When I was introduced to Tylor and the Train Robbers a couple of years ago on their album The Best of the Worst Kind, I fell in love with the band's particular brand of country music. The way Tylor Ketchum's voice has particular inflections that almost sound like a countrified Bob Dylan was unique. And the band was tight. They felt like they had a connection and of course they did and do- the band is made up of brothers (Tylor Ketchum, Jason Bushman, and Tommy Bushman) as well as Ketchum's father-in-law (Johnny Pisano). That unique connection makes the music feel connected and loose all at the same time. Everyone is on the same page making for a tight listen.
On the Trainrobbers' newest album, Non-Typical Find, we find the boys a bit more introspective than on their previous album. Considering this album was written and recorded during the nation-wide shutdown of 2020, that's no surprise. Partnering with Cody Braun (of Reckless Kelly fame), this album also has a really great production with a loose, familiar feel. The music let's Ketchum's words take center-stage with flairs along the way to add emphasis to the song.
The album kicks off with three really great songs that are going to be in heavy rotation for me over the next year. The standout here is "Worth The While." A song about feeling a little lost or out of touch and taking a different approach and/or point of view to try to gain new perspective, this feels like an almost anthem for where the country is at the moment. Yeah, sometimes we aren't going to get along, but if we can just try to see it from the other side's point of view, maybe we can learn to live for each other instead of ourselves.
The title track chronicles the discovery of bones by one of Ketchum's friends. Ketchum supposes what events may have transpired that may have led to this woman's remains ending up in this particular spot. The music almost belies the true nature of the song. At the base, this is a song about a death and the terribly sad discovery of the remains long after the death. But, the song is an uptempo, almost hopeful tune. It's the best song on the album, especially musically. The fiddle, the telecaster, and the pedal steel thread and weave together so perfectly.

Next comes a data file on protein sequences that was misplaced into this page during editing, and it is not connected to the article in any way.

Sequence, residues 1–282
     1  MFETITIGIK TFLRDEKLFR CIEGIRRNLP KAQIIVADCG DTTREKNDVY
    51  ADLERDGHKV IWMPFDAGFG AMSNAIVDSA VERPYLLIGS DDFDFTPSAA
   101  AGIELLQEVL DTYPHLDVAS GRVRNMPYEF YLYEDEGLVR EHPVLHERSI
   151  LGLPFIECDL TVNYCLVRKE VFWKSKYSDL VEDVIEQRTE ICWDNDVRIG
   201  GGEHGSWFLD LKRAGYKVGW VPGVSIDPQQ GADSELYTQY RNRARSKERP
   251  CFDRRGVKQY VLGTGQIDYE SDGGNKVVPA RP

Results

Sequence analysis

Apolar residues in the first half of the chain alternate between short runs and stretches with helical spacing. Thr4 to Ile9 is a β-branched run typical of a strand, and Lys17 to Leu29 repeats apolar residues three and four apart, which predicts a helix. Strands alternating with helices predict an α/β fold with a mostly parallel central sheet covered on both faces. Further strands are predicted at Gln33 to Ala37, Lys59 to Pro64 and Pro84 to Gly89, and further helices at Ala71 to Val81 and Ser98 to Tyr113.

The second half of the album is anchored by the song "Staring Down The North." With a crunchy slide guitar and menacing chords, this one tended to get under my skin and stay there a while after each listen. This one jams and showcases the Train Robbers' diverse, yet connected styles. The remainder of the album finishes with songs about trying to figure out your path and facing fears and depression ("Back The Other Way") and trying to always look for positive spins on current situations ("Silver Line").
Tylor and the Train Robbers are a band to keep watching. With their previous album and Non-Typical Find they are building the kind of catalog that is sure to keep people interested and I believe will continue to grow their fanbase. They are a tight family band with a hell of a songwriter at the helm. This album is worth your time. It's everything you want and need at this moment in time. I'm on the Train Robbers bandwagon. I think you should join me. Their magnum opus is still to come and I'll be here with open ears eagerly awaiting.
Non-Typical Find is available today everywhere you buy and stream fine music.